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Chapter 1

Kinesiology 2241A/B Chapter Notes - Chapter 1: Statics


Department
Kinesiology
Course Code
Kinesiology 2241A/B
Professor
Bob Vigars
Chapter
1

Page:
of 3
Chapter 1: Study and Analysis of Human Movement
1.1 KINESIOLOGY AND BIOMECHANICS: AREAS OF STUDY
Study human movement from various perspectives
oBiomechanical, psychological, philosophical, sociological, physiological
Kinesiology – study of human movement from anatomical or mechanical perspective
Biomechanics – study in which knowledge and methods of mechanics are applied to
structure and function of human system (i.e. skeletal, articular, neuromuscular systems)
Physical Characteristics of the Body
By knowing physical characteristics of human body, can analyze movements
Growth/structure of bones, joints, muscles used to determine appropriate/inappropriate
movement activities for different age groups (i.e. children, adults, people with atypical
needs) – movement analysis can be very helpful
Anthropometrics – study concerned with measures of body’s physical characteristics
oMeasurement of body size, shape, height, composition, weight, volume
Mechanical Characteristics of Human Movement
Mechanics – study of the mechanical aspects of any system – 2 categories:
1. Statics – study of factors associated with non-moving systems
2. Dynamics – study of factors associated with systems in motion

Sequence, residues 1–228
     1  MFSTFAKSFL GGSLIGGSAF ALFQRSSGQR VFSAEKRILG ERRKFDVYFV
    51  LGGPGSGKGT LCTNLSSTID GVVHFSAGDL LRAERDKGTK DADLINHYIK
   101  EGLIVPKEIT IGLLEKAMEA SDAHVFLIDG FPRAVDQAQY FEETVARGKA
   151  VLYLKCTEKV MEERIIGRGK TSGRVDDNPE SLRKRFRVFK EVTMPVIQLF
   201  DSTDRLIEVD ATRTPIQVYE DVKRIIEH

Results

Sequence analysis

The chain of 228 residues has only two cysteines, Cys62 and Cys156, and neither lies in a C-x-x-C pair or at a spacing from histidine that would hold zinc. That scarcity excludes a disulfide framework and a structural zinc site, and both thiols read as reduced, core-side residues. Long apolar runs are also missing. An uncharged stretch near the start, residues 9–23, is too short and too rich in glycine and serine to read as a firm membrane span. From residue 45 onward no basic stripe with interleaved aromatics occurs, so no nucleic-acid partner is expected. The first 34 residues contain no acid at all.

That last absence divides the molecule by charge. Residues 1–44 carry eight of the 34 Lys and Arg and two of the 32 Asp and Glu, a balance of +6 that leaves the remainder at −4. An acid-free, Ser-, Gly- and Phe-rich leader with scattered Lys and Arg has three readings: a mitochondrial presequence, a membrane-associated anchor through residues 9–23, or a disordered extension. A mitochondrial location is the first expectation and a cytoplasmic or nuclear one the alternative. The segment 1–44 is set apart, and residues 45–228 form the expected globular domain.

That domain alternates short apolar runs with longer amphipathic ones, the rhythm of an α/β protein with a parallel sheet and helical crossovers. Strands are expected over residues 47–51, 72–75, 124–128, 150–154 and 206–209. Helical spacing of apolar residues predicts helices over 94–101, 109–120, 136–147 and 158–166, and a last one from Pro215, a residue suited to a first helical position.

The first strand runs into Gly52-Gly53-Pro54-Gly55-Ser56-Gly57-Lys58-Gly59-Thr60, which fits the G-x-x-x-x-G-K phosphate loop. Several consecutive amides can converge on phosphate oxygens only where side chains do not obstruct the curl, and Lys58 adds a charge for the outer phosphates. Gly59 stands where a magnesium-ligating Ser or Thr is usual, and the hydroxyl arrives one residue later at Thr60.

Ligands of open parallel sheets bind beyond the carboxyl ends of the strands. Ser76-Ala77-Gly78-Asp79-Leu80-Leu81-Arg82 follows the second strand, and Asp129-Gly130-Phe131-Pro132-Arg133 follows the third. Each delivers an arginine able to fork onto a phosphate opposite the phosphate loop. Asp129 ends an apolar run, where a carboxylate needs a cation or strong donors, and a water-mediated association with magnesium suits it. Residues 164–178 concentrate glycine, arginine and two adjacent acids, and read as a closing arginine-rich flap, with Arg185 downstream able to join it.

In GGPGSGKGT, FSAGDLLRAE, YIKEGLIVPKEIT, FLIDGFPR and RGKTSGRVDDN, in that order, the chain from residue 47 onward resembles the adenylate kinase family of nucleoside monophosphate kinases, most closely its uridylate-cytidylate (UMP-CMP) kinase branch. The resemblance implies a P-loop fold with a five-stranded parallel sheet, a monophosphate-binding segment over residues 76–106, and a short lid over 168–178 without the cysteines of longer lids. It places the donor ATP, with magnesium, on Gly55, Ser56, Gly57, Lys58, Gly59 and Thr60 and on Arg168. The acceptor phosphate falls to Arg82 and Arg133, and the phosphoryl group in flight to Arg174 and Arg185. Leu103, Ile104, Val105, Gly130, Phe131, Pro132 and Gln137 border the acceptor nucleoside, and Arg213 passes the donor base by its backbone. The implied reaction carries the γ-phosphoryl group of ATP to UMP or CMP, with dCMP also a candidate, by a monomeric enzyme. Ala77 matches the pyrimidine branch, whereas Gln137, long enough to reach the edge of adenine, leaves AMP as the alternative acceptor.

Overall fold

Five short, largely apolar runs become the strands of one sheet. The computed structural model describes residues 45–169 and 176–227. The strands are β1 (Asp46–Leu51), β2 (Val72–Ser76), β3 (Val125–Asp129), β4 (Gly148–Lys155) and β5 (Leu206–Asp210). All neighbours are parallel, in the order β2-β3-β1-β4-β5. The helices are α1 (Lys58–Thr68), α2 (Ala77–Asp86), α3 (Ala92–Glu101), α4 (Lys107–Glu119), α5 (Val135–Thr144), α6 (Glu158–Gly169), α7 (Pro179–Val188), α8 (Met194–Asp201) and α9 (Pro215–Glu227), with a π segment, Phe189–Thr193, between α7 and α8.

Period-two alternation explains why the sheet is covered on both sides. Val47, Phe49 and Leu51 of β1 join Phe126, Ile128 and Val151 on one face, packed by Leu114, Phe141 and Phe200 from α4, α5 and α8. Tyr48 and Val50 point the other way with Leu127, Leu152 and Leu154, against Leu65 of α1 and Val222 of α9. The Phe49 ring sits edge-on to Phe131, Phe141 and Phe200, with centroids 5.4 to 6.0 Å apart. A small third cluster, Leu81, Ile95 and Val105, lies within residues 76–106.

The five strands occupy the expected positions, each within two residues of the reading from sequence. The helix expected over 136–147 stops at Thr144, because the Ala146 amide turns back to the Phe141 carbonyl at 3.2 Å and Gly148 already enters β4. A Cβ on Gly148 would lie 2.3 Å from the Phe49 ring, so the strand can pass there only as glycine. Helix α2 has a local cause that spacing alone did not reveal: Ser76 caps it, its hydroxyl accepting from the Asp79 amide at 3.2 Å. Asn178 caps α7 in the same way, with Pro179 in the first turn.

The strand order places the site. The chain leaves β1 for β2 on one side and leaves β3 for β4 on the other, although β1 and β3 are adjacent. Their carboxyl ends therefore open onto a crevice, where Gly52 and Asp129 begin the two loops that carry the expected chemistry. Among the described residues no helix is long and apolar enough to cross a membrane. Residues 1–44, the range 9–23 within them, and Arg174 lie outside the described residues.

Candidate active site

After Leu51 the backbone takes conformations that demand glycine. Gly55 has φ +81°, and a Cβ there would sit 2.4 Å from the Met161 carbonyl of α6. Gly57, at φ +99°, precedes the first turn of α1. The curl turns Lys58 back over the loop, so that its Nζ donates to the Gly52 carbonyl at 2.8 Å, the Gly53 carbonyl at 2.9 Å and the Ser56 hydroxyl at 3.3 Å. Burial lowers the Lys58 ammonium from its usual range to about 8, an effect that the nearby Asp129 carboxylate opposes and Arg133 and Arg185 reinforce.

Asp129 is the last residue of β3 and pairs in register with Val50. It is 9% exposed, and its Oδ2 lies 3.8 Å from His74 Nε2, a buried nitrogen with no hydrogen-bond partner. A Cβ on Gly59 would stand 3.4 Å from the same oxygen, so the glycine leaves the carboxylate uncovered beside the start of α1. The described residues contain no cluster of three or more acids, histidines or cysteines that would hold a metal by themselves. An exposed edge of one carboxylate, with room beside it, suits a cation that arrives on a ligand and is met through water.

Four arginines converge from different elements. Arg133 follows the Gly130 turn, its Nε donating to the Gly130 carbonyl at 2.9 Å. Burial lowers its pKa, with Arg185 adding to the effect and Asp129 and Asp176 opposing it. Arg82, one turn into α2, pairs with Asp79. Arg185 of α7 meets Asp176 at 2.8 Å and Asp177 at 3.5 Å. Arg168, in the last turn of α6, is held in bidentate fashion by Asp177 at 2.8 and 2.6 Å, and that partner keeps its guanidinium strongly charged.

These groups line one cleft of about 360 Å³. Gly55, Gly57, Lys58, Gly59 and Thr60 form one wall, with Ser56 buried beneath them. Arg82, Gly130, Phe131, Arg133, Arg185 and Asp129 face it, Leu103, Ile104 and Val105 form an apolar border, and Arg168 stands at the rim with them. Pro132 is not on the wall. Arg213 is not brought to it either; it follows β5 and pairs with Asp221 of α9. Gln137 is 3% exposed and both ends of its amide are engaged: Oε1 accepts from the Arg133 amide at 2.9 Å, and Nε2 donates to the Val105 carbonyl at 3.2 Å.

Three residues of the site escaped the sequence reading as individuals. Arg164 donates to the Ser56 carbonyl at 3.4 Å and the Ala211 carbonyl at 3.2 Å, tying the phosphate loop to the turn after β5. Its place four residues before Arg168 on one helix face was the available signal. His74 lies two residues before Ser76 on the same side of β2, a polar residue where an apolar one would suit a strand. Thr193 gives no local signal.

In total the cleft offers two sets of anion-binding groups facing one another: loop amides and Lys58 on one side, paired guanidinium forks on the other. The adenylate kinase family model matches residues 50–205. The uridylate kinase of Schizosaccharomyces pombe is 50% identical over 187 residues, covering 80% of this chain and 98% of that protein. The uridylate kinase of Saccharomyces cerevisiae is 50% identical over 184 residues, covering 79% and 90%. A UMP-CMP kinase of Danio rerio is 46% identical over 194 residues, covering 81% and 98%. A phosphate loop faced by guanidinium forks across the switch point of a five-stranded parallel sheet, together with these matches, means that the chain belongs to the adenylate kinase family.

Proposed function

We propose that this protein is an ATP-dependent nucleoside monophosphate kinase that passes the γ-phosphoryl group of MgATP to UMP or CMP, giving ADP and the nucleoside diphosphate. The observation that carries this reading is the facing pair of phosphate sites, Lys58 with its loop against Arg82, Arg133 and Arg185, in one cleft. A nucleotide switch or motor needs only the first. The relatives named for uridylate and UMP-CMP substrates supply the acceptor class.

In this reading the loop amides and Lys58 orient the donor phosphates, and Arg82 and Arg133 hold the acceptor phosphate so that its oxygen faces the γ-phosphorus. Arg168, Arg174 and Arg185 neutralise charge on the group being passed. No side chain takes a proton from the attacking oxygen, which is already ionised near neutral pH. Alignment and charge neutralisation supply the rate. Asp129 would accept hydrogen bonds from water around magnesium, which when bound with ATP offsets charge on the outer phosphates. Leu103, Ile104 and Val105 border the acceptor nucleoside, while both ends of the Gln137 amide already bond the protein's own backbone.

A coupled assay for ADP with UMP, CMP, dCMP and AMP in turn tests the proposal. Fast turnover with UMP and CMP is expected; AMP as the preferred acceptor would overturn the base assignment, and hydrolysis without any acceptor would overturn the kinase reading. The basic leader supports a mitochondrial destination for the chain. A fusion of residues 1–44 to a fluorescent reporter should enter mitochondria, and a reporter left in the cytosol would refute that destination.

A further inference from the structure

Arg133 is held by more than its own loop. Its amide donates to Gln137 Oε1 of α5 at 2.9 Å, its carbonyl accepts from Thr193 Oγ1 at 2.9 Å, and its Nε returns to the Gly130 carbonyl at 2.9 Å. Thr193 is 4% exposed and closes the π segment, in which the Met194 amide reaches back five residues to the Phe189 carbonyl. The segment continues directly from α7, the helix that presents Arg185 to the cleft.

a. Kinematics – study of time and space factors of motion of a system
b. Kinetics – study of the forces acting on a body influencing its movement
1.2 APPROACHES FOR STUDYIGN MOVEMENT
Two approaches for analyzing biological and mechanical aspects of movement:
oQuantitative – describing movement of body in numerical terms
Eliminates subjective description – solely relies on numerical data
oQualitative – describing movement in non-numerical terms
Performance evaluation based on analyst’s ability to recognize critical
features of skill
Most used method to asses quality of performance
Observation based – videos are valuable visual feedback to performer
Allow for small refinements to be made
Efficiency and Effectiveness of Performance
Efficient movement – a given amount of work done with MIN energy expenditure
oEfficiency = work x energy
oEx: marathon runner/swimmer – do as much work as possible with limited energy
oMore efficient – can continue task longer at same pace or can do it at faster pace
with less energy expended
Effective movement – determining best movement to help performer successfully
accomplish overall performance objective
oUsually most important approach for sports
oEx: 100-m sprint
Maximize, Minimize, or Optimize?
Marathon runner would not be successful if energy was maximized or minimized
Thus, runner needs to optimize running speed and rate of energy expenditure
oOptimal speed – fastest pace runner can maintain for required race distance
Ex: running speed and work production
oPerformances that are frequently optimized rather than MIN/MAX
Ex: cycling
oLow correlation between efficiency and mechanical effectiveness of pedalling
oExample of optimizing efficiency to maximize effectiveness
Effective movement is generally optimally efficient BUT maximally
efficient movement not necessarily biomechanically effective
**In any activity in which energy must be conserved to complete an event, efficiency is
important. When energy conservation is not necessary, efficiency is reduced in favor of
effectiveness. Examples include any relatively brief effort for speed, accuracy, projectile distance
or height, and body maneuvering.**